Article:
Somali pirates hijack ship, navies capture 14
Somali pirates said on Sunday they hijacked a Pakistani-owned ship even as France and the Seychelles nabbed 14 more suspects in the intensifying international hunt for high-seas bandits.world Updated: May 03, 2009 18:40 IST
Somali pirates said on Sunday they hijacked a Pakistani-owned ship even as France and the Seychelles nabbed 14 more suspects in the intensifying international hunt for high-seas bandits.
The latest hijacking brings the pirates' haul since the start of the year to more than 30 vessels, at least 18 of which are still being held, together with around 300 seamen, close to a third of them Filipinos.
The MV Al-Misan was captured on Friday around 100 kilometres (60 miles) off the capital Mogadishu, said Ahmed Abdi, a pirate commander in the coastal village of Harardhere.
According to elders and traders in the region, it was transporting vehicles and commodities such as sugar and cooking oil for Somali traders and had been sailing from the United Arab Emirates.
"One of the two ships we hijacked ... is confirmed to have been chartered by Somali traders and there are already talks to release it. I think it will happen today," Ahmed Abdi told AFP by phone.
One Somali trader with a stake in the hijacked ship's cargo said he was hopeful the vessel would be released soon.
"There are efforts to free the ship and its crew, Somali traders and elders are already negotiating with the pirates and we are hopeful that they will soon release it," Abdullahi Moalim Barre told AFP.
The Pakistani authorities said no ship was registered under the name MV Al-Misan.
On Saturday, pirates in Haradhere said they had captured two ships.
One of them was confirmed as the MV Ariana, a bulk carrier transporting 35,000 tonnes of soya beans, with owners in Britain and Greece and a crew of 24 Ukrainians.
Confusion surrounded the identity of the second ship, however, with unconfirmed reports from pirate sources that it was a Ukrainian ship carrying UN vehicles, among other things.
The pirates are enjoying the last few days of favourable weather conditions, in between monsoon seasons that make approaching and boarding large ships with a high freeboard more difficult.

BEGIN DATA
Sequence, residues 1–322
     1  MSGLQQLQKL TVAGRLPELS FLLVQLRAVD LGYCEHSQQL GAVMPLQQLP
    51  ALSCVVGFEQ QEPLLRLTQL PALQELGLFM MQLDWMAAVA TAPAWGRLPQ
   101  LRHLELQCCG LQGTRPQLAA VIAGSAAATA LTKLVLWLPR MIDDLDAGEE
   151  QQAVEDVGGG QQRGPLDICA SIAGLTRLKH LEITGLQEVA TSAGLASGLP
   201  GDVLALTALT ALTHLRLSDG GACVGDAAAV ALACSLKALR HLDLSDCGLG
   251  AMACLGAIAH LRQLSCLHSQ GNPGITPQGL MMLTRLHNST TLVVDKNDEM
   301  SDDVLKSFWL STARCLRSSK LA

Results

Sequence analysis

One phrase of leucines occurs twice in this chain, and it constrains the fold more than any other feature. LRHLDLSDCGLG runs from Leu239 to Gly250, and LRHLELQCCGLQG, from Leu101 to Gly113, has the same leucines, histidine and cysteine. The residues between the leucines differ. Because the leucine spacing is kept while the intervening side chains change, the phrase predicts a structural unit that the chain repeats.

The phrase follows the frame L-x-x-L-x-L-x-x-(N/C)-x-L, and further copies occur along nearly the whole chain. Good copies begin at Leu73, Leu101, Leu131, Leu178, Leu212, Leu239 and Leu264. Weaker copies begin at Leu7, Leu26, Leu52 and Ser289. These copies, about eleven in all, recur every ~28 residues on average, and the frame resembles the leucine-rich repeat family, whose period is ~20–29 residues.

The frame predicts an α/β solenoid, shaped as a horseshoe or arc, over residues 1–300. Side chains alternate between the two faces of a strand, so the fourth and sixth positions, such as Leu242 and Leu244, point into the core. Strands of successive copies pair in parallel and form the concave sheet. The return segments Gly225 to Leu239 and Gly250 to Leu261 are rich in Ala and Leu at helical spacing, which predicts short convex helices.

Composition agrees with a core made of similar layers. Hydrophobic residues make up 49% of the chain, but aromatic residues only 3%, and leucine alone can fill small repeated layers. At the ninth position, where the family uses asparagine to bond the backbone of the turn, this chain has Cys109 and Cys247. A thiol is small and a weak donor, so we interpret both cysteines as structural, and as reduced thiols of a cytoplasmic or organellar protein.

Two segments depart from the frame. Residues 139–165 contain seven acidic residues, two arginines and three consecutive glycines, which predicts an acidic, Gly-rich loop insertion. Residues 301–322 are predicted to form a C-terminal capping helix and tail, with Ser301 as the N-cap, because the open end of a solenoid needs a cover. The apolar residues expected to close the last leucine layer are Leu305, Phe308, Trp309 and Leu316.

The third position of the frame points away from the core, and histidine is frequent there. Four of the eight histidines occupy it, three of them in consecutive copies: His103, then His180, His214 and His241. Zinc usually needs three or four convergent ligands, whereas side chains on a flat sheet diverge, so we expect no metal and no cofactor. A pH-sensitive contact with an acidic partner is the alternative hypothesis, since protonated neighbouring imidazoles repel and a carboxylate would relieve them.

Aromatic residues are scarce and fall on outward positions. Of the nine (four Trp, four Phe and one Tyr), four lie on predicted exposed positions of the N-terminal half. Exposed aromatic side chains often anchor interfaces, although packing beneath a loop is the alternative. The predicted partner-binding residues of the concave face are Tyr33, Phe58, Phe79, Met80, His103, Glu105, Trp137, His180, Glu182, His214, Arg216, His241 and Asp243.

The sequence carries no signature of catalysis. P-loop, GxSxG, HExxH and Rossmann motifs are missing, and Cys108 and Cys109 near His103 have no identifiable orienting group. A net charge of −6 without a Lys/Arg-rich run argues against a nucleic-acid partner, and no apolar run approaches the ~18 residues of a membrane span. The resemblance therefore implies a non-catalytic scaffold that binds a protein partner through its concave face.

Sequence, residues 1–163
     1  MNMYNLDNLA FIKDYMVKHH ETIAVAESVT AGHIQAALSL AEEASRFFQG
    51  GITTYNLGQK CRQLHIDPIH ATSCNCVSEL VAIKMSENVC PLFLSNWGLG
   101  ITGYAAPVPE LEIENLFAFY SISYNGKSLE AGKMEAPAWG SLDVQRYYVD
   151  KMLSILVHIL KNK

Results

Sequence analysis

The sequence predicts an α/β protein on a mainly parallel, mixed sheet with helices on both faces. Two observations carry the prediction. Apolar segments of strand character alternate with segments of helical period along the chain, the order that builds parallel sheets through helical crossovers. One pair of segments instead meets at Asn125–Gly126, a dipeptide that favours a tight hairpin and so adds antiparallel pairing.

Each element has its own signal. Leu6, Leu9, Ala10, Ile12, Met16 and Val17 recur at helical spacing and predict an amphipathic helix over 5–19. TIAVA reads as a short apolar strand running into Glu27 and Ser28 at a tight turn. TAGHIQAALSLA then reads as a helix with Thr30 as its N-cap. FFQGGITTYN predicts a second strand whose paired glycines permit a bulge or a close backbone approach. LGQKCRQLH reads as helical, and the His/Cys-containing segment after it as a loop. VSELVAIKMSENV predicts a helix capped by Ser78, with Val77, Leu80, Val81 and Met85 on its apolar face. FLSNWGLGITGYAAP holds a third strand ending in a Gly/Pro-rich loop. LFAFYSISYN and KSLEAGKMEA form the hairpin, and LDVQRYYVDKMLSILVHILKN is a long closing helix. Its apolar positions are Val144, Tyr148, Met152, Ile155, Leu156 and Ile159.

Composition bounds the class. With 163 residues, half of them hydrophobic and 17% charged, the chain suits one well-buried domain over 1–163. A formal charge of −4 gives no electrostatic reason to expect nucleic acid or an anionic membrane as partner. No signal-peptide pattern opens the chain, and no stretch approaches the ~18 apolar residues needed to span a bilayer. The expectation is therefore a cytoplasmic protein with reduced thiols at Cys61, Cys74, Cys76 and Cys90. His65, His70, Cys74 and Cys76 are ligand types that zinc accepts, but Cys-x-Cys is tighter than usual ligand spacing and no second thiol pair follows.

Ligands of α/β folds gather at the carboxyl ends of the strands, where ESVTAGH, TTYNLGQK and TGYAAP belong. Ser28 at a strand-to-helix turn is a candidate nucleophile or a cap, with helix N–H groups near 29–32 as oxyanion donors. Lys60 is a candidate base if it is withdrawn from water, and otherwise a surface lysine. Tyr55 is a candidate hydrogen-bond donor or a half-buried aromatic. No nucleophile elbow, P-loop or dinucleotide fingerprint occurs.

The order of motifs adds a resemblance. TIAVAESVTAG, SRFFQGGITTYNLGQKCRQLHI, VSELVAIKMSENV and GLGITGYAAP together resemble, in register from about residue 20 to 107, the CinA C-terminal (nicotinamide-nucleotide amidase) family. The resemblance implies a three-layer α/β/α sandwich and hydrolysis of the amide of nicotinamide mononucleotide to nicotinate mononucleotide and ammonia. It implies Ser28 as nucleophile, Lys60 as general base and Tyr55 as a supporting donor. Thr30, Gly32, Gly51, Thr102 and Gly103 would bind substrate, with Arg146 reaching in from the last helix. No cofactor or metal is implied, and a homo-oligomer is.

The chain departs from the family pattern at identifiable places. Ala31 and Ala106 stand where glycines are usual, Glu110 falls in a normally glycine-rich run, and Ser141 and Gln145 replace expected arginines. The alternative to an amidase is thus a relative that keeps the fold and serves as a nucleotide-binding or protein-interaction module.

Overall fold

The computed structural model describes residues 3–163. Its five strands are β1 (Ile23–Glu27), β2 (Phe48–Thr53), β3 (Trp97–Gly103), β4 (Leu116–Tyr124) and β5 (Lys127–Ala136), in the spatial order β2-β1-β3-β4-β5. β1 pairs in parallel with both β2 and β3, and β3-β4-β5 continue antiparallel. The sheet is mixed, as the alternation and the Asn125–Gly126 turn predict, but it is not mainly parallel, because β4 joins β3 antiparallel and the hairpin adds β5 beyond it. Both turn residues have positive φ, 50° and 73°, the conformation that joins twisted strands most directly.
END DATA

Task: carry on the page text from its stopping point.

The world's naval powers are dispatching an ever-growing fleet of warships in response to a scourge which is threatening to disrupt one of the world's busiest maritime trade routes.
The French frigate Nivose captured 11 more pirates early Sunday near the Seychelles waters, after two small skiffs attacked it, apparently thinking the warship was a merchant vessel.
The Nivose moved into the sun to keep its cover and when the assailants were close enough, unleashed commandos on outboards and a helicopter to interdict the pirates.
Two assault rifles and an RPG were found on the skiffs.
The French navy has captured dozens of suspected pirates in recent weeks. Some were released for lack of evidence, the others transferred either to Somalia's breakaway region of Puntland or Kenya.
The Seychelles also announced Sunday that it had apprehended three suspected Somali pirates in its vast exclusive economic zone, which covers 1.3 million square kilometres in the Indian Ocean.
"The three men identified themselves as Somali. They were travelling in a six-metre skiff with several barrels of fuel and water onboard," a statement from the presidency said.
The Seychelles coast guard ship PS Andromache was alerted to the presence of suspected pirates in its waters by a warship from the European Union naval mission Atalanta on April 30 and caught the three on Saturday.
The operation brings to 12 the number of suspected pirates currently held by the Seychelles authorities following the capture a week earlier of nine Somalis believed to be behind an attack on an Italian cruise ship.
With foreign navies focusing their efforts on the Gulf of Aden, a key choking point for huge maritime traffic and a large proportion of the world's oil supplies, pirates have hunted their prey further out into the Indian Ocean.
Somalia's marauding sea-jackers have struck several hundred nautical miles from the East African coast and lately carried out several attacks in the Seychelles' waters.
The archipelago, whose economy relies heavily on tourism and luxury cruises, has voiced great concern at the trend.